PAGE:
Mutual Funds

What works better for ELSS mutual funds – SIP or Lumpsum

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At the end of the fiscal year, are you hoping to save on taxes? Investing in a lump sum is the best choice for you. At the start of the fiscal year, are you considering investing? Want to spread out your investments over the year to decrease risk? Want to invest in various NAVs throughout the year to get your units at a better average price? Your best option is to invest in a SIP. ELSS scheme investments might not always be appropriate for SIPs or lump sums. You learn which ELSS scheme is better for your mutual fund scheme, the advantages of SIP and lump sum, and which approach is more appropriate for your circumstances in detail here.

SIPs or lump sums depend on when and why you invest in an ELSS scheme. Only lump-sum investments offer tax-deductible contributions at fiscal year-end. However, at the start of the fiscal year, you can make a significant investment or spread out your contributions through a SIP. The ELSS scheme has stock-like growth potential and tax advantages. An SIP-invested ELSS scheme has two benefits. First, mutual fund scheme investing throughout the year decreases risk. Second, rupee cost averaging allows you to invest at several NAVs during the year and get a higher average unit price. Finally, ongoing, low-cost investments are cheaper than one big one. Invest an amount equivalent to your ELSS scheme budget. Today’s ELSS fund investment is locked in for three years. Each SIP instalment is locked in. If you invest $1,000 a month for a year, you can’t cash out until the final SIP payment is received and held for three years.

The benefit of  lump-sum investment in ELSS scheme  mutual funds:

  • It’s possible that you should invest a large sum all at once if you run a seasonal firm. Investments could be split between top mutual funds to invest a lump sum and a systematic investment plan (SIP) or both, depending on how much money is coming in each month. In this way, you can invest without worrying about accruing debt.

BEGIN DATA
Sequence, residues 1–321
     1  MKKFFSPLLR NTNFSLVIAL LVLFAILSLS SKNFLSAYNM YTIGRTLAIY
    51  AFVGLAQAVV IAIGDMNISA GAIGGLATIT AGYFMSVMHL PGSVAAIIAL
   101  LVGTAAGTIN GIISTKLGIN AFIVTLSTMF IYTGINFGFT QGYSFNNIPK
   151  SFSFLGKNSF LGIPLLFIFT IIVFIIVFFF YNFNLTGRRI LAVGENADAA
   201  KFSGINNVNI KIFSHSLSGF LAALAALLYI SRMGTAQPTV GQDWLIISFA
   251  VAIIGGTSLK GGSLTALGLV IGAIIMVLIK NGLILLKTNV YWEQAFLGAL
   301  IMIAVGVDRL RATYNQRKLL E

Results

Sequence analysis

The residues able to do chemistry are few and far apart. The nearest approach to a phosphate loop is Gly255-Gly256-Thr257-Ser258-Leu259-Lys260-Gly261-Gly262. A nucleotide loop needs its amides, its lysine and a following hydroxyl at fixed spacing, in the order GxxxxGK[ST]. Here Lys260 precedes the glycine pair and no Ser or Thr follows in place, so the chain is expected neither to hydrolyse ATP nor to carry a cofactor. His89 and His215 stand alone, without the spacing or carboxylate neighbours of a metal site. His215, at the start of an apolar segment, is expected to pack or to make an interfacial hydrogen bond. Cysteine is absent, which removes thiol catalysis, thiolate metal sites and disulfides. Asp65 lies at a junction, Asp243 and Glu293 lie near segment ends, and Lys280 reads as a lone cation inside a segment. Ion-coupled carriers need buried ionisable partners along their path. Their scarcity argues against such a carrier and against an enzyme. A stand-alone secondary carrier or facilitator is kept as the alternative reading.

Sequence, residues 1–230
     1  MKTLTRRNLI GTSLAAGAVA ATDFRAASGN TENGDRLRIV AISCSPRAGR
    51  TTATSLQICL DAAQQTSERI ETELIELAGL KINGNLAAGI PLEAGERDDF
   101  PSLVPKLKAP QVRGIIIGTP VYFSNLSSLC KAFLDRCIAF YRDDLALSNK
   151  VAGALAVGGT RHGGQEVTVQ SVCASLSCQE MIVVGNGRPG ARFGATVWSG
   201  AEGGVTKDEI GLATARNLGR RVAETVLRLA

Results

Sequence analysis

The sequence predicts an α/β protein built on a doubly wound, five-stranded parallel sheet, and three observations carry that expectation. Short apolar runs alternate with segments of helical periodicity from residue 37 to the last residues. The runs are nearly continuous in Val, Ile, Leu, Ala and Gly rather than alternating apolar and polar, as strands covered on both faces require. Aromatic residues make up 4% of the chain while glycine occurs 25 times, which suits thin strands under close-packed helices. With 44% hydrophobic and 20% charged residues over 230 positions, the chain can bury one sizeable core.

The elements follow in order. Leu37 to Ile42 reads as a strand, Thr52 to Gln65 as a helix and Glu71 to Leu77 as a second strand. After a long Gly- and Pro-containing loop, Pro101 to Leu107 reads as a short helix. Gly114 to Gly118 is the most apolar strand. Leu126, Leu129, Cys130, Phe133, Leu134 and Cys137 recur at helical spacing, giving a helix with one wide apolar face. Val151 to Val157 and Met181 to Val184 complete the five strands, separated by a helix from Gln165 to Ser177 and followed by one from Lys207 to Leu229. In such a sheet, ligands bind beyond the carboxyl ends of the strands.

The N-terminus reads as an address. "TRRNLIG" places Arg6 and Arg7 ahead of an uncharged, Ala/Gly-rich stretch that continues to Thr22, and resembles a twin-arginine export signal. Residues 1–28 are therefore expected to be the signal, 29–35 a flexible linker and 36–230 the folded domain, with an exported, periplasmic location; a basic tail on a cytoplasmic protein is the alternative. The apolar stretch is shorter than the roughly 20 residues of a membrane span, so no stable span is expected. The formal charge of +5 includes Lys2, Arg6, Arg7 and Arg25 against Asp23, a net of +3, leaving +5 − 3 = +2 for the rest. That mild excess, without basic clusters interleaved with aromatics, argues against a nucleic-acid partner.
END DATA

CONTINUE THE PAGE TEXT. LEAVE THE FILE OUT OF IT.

• Mutual fund scheme Investing the full amount eligible for the Section 80C tax benefit at the start of the fiscal year is preferable because the money will be in the market for a longer period. Greater returns can be obtained by mutual fund schemes investing over longer periods.

The benefit of SIP investment in ELSS scheme  mutual funds:

  • If you receive a regular paycheck, a SIP could be a great choice for you. This helps people learn to invest responsibly.
  • It’s crucial to time the market well when a mutual fund scheme invests a sizable chunk of money. If you invest in an ELSS scheme via SIP, though, you won’t have to worry about trying to time the market.
  • Due to only a small amount being required regularly, SIP investments ensure that you won’t experience financial hardship while investing.

Which method of investing in ELSS scheme mutual funds is most advantageous?

When you invest a large sum of money in an ELSS scheme, you are essentially buying a certain number of units at the current market price. The fund’s NAV is the determining factor in your return (NAV).

When a mutual fund scheme invests a large sum all at once, it’s best to do so in a market with lower volatility, where you may still expect significant returns even though dollar-cost averaging won’t help you. The adaptability of cost averaging makes SIP investments a good choice even in times of severe volatility. When the NAV is lower, it’s possible to buy more units, and vice versa. Each instalment will be invested for a different period and will earn a different amount because the investments are spread out across the whole term.

Via ELSS scheme: lumpsum or sip?

The level of risk is the primary differentiator between the two strategies. Capital is safer in SIPs because you’re only a mutual fund scheme investing a part of your total investment. We recommend that experienced investors invest all at once.

A SIP is a terrific approach for a first-time investor to develop a consistent investment routine. If you’re going to put down a sizable chunk of money, do it when the time is right. The timing of the market is irrelevant when initiating SIPs.

The lock-in period for SIPs is normally 3 years and matures in phases, but the lock-in period for lump sum deposits is unlocked all at once after 3 years.

An ELSS scheme investment made with a single lump sum payment would expire after three years, but an SIP bond would mature in instalments (based on the number of months invested) after the same period elapsed.


The purpose of this article is to give a comprehensive examination of which mutual fund scheme is better. The decision to invest in an ELSS scheme in a lump amount or over time (SIP) relies on your financial status, cash flow, market volatility, risk appetite, and timing. While paying off a big debt or taking advantage of luxury needs might sound worthy, it is also important to be aware of the other side of the coin. Apply for a top mutual fund scheme, compare interest rates and features across banks, and get the best deal.

Investment Reliable does not offer financial advice, but we do provide unbiased information and evaluations on trading, investing, and finance. Users ought to always carry out their research. Also visit, Piramal Finance as it has more in-depth, educational, financial-related articles